This is the approach that had been anticipated by Rolfe Kentish, Long and St John Wilson. It would allow for the retention of the Conservation Centre, thereby avoiding the consequent disruption to its function while a replacement is built within the proposed new extension.

RSHP’s enormous, proposed extension will also have an intrusive impact on that most important view of the library from Euston Road to the south. Due to the extreme height of the proposals, the whole top three storeys of sloping glazing will be clearly visible from the Euston Road, intruding conspicuously above the slate roofs of the library’s entrance hall.

The “Heritage Impact Assessment” submitted with the application has many sonorous statements on preserving the settings of Listed Buildings and the need for new development to enhance the setting of those assets. Yet it then goes on brazenly to maintain that the proposals will have “substantial public benefit and some low level, less than substantial harm to the significance of the British Library and the British Library Conservation Centre”.


Section through RSHP’s proposed British Library extension

One has to conclude that obliterating and dominating the one and demolishing the other doesn’t constitute substantial harm in the mind of the assessment’s author. Who needs a heritage assessment when it produces that result?

However, the icing on the cake has been provided by none other than Historic England who, unbelievably, have declared that they “support the proposals on heritage grounds”. This from the very body who should be most concerned to defend vigorously the setting of one of the most important of its Grade I listed heritage assets.

Is any Listed Building safe when this is the conclusion of the very organisation set up, supposedly, to protect them? It surely gives the green light to anyone wishing to ride roughshod over such conservation restraints. At least the 20th Century Society and Docomomo have raised their strong objections, but one would have wished for better informed visual judgement and more “backbone” from the national guardian of our architectural heritage.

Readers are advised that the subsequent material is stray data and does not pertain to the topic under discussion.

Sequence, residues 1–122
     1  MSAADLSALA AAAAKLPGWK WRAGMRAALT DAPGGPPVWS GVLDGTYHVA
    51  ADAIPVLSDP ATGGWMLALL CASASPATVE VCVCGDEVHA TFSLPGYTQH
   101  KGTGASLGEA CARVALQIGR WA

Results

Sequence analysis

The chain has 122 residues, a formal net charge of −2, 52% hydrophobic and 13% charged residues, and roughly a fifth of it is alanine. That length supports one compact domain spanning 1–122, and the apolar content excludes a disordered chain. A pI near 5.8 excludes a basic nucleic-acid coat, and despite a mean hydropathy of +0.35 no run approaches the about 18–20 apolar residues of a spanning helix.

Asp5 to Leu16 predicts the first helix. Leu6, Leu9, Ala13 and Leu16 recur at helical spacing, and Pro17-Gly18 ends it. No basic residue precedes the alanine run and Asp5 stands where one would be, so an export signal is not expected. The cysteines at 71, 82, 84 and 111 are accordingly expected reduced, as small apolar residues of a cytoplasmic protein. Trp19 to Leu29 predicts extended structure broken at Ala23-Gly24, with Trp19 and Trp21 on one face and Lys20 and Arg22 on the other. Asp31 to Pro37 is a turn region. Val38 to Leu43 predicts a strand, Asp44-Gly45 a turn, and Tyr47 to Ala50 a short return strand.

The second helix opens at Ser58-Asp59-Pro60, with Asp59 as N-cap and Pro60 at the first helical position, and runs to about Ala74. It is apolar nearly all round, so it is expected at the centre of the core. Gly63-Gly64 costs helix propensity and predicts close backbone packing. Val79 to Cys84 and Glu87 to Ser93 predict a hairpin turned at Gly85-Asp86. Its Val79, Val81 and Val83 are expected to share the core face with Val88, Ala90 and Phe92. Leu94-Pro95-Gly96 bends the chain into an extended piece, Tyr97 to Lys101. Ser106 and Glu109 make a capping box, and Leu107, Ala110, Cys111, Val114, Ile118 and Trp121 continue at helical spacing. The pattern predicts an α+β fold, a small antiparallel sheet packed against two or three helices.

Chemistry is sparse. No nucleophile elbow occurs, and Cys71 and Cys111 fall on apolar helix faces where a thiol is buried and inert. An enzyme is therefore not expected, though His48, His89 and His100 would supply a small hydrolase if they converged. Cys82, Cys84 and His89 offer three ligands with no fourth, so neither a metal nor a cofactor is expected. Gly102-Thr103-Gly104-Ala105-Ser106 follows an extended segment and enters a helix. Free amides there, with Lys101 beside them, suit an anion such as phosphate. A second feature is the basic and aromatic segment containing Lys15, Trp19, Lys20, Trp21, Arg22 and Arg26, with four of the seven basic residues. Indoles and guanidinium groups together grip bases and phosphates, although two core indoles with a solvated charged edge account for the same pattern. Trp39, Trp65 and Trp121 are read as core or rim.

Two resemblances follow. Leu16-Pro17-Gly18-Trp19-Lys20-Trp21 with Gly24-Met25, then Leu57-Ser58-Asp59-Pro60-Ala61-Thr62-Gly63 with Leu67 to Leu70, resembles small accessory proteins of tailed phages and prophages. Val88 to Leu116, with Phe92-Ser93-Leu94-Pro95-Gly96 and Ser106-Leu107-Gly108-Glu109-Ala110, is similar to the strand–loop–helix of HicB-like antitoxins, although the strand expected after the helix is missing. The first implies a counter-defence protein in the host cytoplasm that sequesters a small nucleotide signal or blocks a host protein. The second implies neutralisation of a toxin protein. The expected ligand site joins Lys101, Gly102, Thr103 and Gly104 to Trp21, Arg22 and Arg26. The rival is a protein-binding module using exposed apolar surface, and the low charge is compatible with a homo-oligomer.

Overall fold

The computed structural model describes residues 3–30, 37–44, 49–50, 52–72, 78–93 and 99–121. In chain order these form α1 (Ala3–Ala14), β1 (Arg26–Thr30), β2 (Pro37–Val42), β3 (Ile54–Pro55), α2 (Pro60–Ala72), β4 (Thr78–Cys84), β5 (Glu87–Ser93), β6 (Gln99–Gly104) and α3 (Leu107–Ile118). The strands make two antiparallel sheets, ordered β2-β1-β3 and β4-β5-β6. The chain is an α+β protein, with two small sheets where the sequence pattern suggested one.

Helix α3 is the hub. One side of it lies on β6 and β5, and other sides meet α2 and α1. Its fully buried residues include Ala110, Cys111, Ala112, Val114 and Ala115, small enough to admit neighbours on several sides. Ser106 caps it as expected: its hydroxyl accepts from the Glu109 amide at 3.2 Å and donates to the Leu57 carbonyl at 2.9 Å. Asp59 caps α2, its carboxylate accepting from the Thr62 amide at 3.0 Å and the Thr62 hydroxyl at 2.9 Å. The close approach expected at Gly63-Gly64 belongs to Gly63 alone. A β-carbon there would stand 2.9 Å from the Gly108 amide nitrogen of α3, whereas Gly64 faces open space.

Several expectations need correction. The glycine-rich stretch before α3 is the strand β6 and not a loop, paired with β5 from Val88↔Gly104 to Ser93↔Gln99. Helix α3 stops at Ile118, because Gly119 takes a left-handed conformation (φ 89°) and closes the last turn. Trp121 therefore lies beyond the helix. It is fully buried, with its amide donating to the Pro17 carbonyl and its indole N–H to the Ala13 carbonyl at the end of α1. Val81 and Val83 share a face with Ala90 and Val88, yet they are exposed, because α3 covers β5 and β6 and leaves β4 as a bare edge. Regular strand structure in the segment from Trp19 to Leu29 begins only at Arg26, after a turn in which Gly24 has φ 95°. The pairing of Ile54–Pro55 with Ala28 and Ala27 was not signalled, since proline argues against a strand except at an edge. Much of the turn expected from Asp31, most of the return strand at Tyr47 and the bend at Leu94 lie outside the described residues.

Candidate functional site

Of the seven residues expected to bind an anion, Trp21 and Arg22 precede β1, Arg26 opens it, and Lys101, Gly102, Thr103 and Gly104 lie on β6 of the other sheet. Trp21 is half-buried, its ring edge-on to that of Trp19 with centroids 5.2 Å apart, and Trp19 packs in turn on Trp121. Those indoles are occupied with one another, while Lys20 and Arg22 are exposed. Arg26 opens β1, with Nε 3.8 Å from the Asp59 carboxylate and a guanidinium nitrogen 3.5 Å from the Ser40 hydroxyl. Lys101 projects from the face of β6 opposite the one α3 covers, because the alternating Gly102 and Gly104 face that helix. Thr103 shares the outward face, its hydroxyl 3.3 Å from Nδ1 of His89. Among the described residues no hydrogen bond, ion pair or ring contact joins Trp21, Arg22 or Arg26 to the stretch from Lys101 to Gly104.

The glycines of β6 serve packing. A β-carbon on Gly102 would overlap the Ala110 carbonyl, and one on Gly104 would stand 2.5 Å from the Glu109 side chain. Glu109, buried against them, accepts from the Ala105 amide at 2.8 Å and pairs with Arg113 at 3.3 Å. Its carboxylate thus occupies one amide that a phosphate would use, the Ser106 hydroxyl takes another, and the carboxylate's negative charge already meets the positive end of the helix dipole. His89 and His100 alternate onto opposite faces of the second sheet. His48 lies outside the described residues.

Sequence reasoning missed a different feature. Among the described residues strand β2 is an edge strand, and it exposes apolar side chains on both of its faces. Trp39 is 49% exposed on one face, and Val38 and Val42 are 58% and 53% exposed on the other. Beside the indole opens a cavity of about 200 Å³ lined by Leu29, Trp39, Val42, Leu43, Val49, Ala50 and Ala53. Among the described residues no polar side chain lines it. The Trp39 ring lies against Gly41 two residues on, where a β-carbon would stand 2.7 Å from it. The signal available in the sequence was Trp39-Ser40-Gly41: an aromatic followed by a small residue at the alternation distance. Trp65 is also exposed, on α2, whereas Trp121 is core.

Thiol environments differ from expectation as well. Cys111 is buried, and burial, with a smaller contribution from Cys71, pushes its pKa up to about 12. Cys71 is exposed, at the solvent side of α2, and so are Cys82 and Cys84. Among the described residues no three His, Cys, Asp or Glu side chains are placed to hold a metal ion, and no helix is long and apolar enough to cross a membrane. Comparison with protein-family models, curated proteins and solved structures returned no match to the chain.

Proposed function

It will cause immense harm to the setting of this Grade I Listed Building

The drawings of this scheme are daunting enough in showing their effect on the Grade I listed parent building. But, as has been touched on earlier, the supporting documentation is argubaly misleading. At one point it asserts that: “[The extension] is skilfully modelled so that it sits comfortably behind the British Library.” Elsewhere it maintains that the proposals represent “The completion of [the Colin St John Wilson and Partners’] masterplan for the St Pancras site”.

Not a grain of truth in any of it. With all due respect to them, I am sure that Sandy and MJ are turning in their graves at these proposals and the comments supporting them, not least the last one which, as has been shown earlier, is the very opposite of their intentions for the site.

This proposal is a truly gross, over development, with massive buildings that haven’t the least relevance for the functioning of the library itself. It will cause immense harm to the setting of this Grade I Listed Building by an eminent architectural practice, considered by informed opinion to be “one of the most significant buildings of the late twentieth century”.

To allow it to proceed would not only be an architectural outrage of the first order, but an absolute mockery of Historic England’s listing process. May we hope that wiser counsels will prevail and that it will be refused planning permission.